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The energy of these individual packets is proportional to the frequency of the light, thus:

Where E is the energy, f is the frequency of the light, and h is Planck’s Constant (6.63x10-34Js). As frequency is velocity over wavelength, this gives the alternative form of:

Where c is the speed of light (3x108ms-1) and λ is the wavelength of the light. Example Find the energy of a photon of red light, whose frequency is 4×1014Hz.

(6.63

10 .6

) 10

(

10 )

-Photoelectric Equation Photons can free electrons from the surface of a metal, if they have sufficient energy. If they don’t have enough energy, no electrons will be released. If they have energy greater than or equal to the energy required, (the work function, Φ) then a photon will be liberated. Any excess energy becomes the electron’s kinetic energy. Altogether, this gives:

Where E is photon energy, Φ is the work function of the metal, and KEmax is the kinetic energy of the liberated electron. Example Find the photon energy required to liberate an electron from the surface of a clean zinc plate, work function 4.3eV, and grant the same electron a kinetic energy of 2.6eV. Give your answer in joules.

To convert J to eV, divide by 1.6×10-19

.3 6. 1.10

.6

To convert eV to J, multiply by 1.6×10-19

10

-De Broglie Wavelength Wave-particle duality states all particles have a wavelength. De Broglie (pronounced De Broy) found the equation for this wavelength, where λ is related to the momentum of the particle, thus:

Where m is the mass of the particle, v is the particle’s velocity, h is Planck’s Constant (6.63x10-34 Js), and λ is the De Broglie wavelength of the particle. Particles will exhibit wave-like properties when passing through an opening of a similar scale to the De Broglie wavelength of the particle. The human De Broglie wavelength is tiny, hence why we aren’t diffracted when we walk through doors. Example Find the De Broglie wavelength of a can of coke, mass 0.4kg, travelling at 20ms-1.

6.63 0. .

10 0 10

-Photon Emission In an atom, electrons occupy energy levels, each with their own value of energy. Most exist in the ground state, or n=0. When energy is added, e.g. by an incident photon, electrons can become excited, and move up the energy levels. The work function of a material can be found from this: the difference in energy between the ground state, n=0, and n=∞ (where electrons are considered to be ‘free’). Additionally, photons can be emitted when an excited electron relaxes, or drops down, one or more energy levels towards n=0. The energy of this photon can be found by finding the difference in energy between the starting level and the final level, in joules. Hence:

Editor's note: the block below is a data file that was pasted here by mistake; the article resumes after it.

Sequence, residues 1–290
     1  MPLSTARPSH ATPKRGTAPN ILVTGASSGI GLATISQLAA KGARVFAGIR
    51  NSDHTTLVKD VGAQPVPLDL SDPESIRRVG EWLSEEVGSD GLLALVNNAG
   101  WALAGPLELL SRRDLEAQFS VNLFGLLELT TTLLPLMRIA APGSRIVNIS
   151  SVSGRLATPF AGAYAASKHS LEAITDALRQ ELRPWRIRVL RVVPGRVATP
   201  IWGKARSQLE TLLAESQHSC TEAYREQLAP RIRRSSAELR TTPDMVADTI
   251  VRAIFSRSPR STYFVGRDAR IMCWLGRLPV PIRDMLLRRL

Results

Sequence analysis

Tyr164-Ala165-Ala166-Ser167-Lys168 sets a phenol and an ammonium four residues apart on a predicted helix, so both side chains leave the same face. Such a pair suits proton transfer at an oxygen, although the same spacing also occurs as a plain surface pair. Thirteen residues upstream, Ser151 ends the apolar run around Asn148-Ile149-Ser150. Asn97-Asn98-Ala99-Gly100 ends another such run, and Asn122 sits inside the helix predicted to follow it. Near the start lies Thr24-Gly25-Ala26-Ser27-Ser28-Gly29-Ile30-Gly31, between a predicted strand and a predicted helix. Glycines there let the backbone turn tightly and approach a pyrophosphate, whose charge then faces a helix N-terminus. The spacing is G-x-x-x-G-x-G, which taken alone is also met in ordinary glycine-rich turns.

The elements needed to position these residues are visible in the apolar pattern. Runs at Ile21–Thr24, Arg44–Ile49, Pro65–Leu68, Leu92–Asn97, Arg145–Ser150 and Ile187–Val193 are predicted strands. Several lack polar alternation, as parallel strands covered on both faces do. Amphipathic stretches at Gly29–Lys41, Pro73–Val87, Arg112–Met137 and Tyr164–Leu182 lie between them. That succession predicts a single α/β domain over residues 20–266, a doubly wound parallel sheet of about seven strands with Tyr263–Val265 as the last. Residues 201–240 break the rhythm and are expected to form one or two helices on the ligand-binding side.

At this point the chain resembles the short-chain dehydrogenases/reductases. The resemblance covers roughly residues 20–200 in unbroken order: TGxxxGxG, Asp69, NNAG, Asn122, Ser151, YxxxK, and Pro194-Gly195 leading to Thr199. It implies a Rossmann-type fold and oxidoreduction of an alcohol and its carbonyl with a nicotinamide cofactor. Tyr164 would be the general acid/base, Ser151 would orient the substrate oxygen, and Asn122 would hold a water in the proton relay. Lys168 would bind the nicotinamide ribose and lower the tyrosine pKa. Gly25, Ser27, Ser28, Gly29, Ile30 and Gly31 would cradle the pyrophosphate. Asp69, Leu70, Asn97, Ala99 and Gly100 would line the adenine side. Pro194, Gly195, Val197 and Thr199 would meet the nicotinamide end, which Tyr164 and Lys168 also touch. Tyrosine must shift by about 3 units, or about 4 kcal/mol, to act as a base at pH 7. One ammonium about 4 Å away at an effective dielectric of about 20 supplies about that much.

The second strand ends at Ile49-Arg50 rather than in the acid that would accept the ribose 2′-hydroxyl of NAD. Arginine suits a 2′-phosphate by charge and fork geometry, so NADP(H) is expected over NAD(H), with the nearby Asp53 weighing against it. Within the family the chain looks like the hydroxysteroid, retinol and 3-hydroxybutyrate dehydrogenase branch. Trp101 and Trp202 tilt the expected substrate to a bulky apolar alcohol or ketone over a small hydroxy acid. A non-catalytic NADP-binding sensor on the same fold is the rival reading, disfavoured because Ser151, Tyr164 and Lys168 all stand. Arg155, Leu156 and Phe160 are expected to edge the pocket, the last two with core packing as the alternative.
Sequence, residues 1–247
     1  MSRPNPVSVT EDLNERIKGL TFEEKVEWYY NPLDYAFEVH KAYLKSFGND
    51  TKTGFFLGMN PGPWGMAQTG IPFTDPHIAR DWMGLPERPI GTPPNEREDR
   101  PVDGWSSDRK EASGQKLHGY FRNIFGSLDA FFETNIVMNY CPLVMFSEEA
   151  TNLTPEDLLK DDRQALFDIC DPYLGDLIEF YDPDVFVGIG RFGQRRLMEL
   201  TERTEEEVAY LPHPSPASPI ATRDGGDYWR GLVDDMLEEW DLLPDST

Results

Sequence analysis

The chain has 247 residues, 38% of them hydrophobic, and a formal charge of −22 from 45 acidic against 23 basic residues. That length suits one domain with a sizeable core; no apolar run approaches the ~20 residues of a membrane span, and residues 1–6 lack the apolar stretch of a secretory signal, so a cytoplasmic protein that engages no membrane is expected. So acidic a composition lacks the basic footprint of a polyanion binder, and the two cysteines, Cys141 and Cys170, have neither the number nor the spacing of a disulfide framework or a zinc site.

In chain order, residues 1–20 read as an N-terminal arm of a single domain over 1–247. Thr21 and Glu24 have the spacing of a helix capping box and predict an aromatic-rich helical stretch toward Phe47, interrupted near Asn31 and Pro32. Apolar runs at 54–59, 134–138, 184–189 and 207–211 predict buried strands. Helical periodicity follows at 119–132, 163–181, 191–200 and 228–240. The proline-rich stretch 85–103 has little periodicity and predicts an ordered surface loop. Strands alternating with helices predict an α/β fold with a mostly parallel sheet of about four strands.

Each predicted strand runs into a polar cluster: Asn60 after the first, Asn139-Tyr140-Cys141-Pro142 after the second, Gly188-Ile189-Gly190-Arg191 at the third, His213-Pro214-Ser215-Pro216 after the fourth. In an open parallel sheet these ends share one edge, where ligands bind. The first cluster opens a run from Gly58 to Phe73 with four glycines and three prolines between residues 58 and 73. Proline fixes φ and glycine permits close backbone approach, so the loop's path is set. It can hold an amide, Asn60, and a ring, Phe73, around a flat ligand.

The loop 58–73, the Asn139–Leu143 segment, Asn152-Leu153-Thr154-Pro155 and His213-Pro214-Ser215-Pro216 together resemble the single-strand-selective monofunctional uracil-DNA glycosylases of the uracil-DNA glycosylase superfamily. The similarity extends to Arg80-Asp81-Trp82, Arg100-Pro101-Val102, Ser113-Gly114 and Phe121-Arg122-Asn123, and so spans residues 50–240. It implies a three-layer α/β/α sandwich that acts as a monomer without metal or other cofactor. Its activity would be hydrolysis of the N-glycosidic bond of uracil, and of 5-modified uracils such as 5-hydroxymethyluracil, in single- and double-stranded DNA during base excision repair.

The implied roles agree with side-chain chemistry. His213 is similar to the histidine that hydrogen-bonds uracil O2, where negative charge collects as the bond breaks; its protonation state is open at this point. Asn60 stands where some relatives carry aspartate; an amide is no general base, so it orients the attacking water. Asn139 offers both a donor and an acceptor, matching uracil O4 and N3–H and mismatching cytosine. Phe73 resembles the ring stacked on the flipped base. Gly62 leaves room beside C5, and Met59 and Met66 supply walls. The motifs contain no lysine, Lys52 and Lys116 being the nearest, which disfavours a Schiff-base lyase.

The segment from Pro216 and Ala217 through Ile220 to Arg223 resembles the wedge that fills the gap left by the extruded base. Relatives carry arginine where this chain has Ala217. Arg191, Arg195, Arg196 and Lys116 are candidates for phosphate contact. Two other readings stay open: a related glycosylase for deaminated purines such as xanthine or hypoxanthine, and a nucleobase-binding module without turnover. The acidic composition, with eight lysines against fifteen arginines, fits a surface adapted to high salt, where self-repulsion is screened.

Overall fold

Where E is the photon energy, E1 is the starting energy level, and E2 is the final energy level. The energy values will most often be given in eV, for you to convert into joules for the above calculation.

Example Calculate the energy of a photon emitted from a hydrogen atom when its electron relaxes from n=3 to n=0, using the below diagram. Give your answer in joules.

n=∞ 0eV

MANY LEVELS MISSED OUT HERE

n=3 -0.85eV n=2 -1.5eV

n=1 -3.4eV

n=0 -13.6eV

Find the difference between the two energy levels, using 0. 1 . 13.6

.

This is the energy of the emitted photon in eV. To convert to joules, multiply by 1.6x10-19 giving you an answer of: .0 10

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UsefulNot usefulA short explanation of each of the equations for the AS Quantum Physics Module

A short explanation of each of the equations for the AS Quantum Physics Module

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